Keywords: peptidyl tRNA hydrolase, Acinetobacter baumannii, Pth enzymes, O-tyrosyl

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2 Biodegradation of Malathion by Acinetobacter baumannii Strain AFA Isolated from Domestic Sewage in Egypt

Authors: Ahmed F. Azmy, Amal E. Saafan, Tamer M. Essam, Magdy A. Amin, Shaban H. Ahmed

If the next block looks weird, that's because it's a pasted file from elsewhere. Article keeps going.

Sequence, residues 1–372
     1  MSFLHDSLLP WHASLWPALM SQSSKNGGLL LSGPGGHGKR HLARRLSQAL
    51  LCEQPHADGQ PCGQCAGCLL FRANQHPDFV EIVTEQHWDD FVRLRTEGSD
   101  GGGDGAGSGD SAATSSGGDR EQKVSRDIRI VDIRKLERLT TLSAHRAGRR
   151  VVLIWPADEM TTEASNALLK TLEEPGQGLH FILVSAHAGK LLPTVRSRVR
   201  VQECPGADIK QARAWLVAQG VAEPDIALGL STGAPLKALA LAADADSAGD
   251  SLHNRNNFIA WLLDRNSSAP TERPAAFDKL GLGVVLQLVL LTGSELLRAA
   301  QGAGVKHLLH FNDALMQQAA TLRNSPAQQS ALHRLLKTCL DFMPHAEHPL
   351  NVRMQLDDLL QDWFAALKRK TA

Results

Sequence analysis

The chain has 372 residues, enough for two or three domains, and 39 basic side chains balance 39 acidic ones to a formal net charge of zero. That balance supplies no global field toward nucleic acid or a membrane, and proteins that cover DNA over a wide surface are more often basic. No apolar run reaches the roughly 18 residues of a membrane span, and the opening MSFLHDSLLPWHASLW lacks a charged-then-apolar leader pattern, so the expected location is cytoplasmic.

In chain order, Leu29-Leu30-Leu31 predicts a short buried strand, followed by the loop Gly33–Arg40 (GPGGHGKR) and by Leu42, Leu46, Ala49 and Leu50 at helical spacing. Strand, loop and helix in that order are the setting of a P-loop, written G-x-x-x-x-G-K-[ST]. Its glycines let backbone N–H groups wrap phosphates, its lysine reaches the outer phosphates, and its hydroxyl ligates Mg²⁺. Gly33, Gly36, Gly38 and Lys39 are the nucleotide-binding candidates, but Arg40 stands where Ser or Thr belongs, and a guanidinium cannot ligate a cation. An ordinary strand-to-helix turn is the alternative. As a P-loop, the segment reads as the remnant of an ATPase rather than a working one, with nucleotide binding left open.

Bacterial strains capable of degradation of malathion from the domestic sewage were isolated by an enrichment culture technique. Three bacterial strains were screened and identified as Acinetobacter baumannii (AFA), Pseudomonas aeruginosae (PS1),andPseudomonas mendocina (PS2) based on morphological, biochemical identification and 16S rRNA sequence analysis. Acinetobacter baumannii AFA was the most efficient malathion degrading bacterium, so used for further biodegradation study. AFA was able to grow in mineral salt medium (MSM) supplemented with malathion (100 mg/l) as a sole carbon source, and within 14 days, 84% of the initial dose was degraded by the isolate measured by high performance liquid chromatography. Strain AFA could also degrade other organophosphorus compounds including diazenon, chlorpyrifos and fenitrothion. The effect of different culture conditions on the degradation of malathion like inoculum density, other carbon or nitrogen sources, temperature and shaking were examined. Degradation of malathion and bacterial cell growth were accelerated when culture media were supplemented with yeast extract, glucose and citrate. The optimum conditions for malathion degradation by strain AFA were; an inoculum density of 1.5x 1012CFU/ml at 30°C with shaking. A specific polymerase chain reaction primers were designed manually using multiple sequence alignment of the corresponding carboxylesterase enzymes of Acinetobacter species. Sequencing result of amplified PCR product and phylogenetic analysis showed low degree of homology with the other carboxylesterase enzymes of Acinetobacter strains, so we suggested that this enzyme is a novel esterase enzyme. Isolated bacterial strains may have potential role for use in bioremediation of malathion contaminated.